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Enhancing case definitions for surveillance of human monkeypox in the Democratic Republic of Congo
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Enhancing case definitions for surveillance of human monkeypox in the Democratic Republic of Congo
  • Alternative Title:
    PLoS Negl Trop Dis
  • Description:

    Human monkeypox (MPX) occurs at appreciable rates in the Democratic Republic of Congo (DRC). Infection with varicella zoster virus (VZV) has a similar presentation to that of MPX, and in areas where MPX is endemic these two illnesses are commonly mistaken. This study evaluated the diagnostic utility of two surveillance case definitions for MPX and specific clinical characteristics associated with laboratory-confirmed MPX cases.

    Methodology/Principal findings

    Data from a cohort of suspect MPX cases (identified by surveillance over the course of a 42 month period during 2009–2014) from DRC were used; real-time PCR diagnostic test results were used to establish MPX and VZV diagnoses. A total of 333 laboratory-confirmed MPX cases, 383 laboratory-confirmed VZV cases, and 36 cases that were determined to not be either MPX or VZV were included in the analyses. Significant (p<0.05) differences between laboratory-confirmed MPX and VZV cases were noted for several signs/symptoms including key rash characteristics. Both surveillance case definitions had high sensitivity and low specificities for individuals that had suspected MPX virus infections. Using 12 signs/symptoms with high sensitivity and/or specificity values, a receiver operator characteristic analysis showed that models for MPX cases that had the presence of ‘fever before rash’ plus at least 7 or 8 of the 12 signs/symptoms demonstrated a more balanced performance between sensitivity and specificity.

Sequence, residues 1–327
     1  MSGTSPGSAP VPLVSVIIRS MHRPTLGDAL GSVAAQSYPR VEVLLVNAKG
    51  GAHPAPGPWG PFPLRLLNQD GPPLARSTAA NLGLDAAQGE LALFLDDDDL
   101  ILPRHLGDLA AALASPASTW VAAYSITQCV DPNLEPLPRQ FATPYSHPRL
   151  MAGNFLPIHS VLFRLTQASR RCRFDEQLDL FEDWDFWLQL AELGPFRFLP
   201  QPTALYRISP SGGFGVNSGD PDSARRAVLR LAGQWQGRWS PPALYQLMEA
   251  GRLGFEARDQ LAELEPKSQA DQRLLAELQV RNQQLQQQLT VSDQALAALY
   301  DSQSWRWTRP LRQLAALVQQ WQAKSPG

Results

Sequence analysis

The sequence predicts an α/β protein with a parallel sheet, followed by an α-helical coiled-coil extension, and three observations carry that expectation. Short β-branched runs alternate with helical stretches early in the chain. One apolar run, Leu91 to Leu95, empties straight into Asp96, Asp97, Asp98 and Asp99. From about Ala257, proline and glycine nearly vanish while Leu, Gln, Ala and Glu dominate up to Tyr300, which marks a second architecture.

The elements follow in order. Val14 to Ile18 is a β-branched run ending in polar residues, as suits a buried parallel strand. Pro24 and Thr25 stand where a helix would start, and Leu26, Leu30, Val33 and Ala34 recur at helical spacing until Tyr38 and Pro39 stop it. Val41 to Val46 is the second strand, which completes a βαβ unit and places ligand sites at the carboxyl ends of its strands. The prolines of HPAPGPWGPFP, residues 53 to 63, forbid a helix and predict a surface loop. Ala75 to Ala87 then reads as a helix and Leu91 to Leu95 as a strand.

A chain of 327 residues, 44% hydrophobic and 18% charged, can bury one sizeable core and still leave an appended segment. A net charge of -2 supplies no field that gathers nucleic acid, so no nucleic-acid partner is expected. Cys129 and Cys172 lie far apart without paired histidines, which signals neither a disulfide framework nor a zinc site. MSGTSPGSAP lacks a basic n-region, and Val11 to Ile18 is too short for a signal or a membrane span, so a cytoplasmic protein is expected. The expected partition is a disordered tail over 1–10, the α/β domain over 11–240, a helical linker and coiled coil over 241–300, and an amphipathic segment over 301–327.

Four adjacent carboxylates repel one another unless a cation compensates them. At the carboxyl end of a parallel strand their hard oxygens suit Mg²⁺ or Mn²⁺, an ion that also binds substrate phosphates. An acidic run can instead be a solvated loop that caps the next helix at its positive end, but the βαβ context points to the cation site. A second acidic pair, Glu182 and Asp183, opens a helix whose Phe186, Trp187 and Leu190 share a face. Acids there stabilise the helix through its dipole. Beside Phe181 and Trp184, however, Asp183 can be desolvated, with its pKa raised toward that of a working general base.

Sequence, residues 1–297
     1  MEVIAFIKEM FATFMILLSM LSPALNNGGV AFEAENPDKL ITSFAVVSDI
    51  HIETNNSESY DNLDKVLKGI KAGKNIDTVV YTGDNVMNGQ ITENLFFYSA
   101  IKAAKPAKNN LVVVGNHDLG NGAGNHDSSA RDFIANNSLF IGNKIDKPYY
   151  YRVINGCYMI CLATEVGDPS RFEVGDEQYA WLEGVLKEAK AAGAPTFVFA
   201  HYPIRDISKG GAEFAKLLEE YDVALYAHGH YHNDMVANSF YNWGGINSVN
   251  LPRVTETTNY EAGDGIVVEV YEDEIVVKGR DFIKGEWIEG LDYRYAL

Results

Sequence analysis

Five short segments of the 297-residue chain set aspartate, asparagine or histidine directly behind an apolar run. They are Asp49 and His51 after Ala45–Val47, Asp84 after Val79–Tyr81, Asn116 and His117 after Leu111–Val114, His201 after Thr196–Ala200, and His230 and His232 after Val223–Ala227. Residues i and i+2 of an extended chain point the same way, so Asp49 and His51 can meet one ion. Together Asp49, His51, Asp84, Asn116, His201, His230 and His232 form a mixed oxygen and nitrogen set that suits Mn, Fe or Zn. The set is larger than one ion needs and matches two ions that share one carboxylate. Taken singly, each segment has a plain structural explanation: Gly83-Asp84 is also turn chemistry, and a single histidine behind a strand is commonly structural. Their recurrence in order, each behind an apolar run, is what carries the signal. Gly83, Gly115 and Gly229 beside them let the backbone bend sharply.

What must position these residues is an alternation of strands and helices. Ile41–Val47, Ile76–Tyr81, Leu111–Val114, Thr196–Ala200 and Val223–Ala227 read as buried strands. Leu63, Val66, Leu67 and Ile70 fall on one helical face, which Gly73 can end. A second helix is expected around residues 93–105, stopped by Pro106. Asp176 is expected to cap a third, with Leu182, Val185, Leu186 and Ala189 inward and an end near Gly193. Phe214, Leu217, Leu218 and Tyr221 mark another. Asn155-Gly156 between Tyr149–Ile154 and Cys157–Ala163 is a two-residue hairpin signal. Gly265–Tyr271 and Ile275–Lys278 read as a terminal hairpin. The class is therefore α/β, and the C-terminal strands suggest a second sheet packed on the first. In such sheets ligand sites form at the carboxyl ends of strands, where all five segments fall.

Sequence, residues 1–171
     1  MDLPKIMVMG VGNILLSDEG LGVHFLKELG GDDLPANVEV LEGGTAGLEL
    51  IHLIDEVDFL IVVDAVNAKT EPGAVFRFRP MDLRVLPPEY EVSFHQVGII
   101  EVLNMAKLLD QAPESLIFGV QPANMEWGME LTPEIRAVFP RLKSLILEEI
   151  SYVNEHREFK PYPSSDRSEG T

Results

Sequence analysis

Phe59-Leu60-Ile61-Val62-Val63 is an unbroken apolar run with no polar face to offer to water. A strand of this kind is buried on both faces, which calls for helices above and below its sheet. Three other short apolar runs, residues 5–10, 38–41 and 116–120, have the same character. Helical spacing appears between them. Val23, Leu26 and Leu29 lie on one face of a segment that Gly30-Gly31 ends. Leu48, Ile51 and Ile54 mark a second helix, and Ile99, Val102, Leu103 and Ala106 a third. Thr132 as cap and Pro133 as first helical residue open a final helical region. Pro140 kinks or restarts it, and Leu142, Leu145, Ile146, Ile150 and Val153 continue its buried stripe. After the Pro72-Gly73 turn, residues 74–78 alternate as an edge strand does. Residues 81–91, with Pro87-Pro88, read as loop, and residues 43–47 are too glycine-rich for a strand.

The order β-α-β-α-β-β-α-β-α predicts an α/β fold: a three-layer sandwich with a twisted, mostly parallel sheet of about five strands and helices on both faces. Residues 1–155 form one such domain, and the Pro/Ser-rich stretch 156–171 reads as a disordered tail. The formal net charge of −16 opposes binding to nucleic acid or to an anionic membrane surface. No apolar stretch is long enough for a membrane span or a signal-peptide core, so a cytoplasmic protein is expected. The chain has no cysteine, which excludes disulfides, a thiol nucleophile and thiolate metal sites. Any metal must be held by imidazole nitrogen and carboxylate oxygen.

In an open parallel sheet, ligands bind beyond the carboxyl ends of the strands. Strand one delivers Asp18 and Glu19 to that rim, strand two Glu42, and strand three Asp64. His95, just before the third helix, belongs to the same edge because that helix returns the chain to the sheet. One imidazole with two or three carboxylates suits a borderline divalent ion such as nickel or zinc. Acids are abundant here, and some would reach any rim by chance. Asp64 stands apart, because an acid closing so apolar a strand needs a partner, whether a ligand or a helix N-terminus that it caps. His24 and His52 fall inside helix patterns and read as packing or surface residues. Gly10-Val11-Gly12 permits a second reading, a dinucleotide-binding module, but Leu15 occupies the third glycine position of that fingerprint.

Laboratory-confirmed MPX and VZV cases presented with many of the same signs and symptoms, and the analysis here emphasized the utility of including 12 specific signs/symptoms when investigating MPX cases. In order to document and detect endemic human MPX cases, a surveillance case definition with more specificity is needed for accurate case detection. In the absence of a more specific case definition, continued emphasis on confirmatory laboratory-based diagnostics is warranted.

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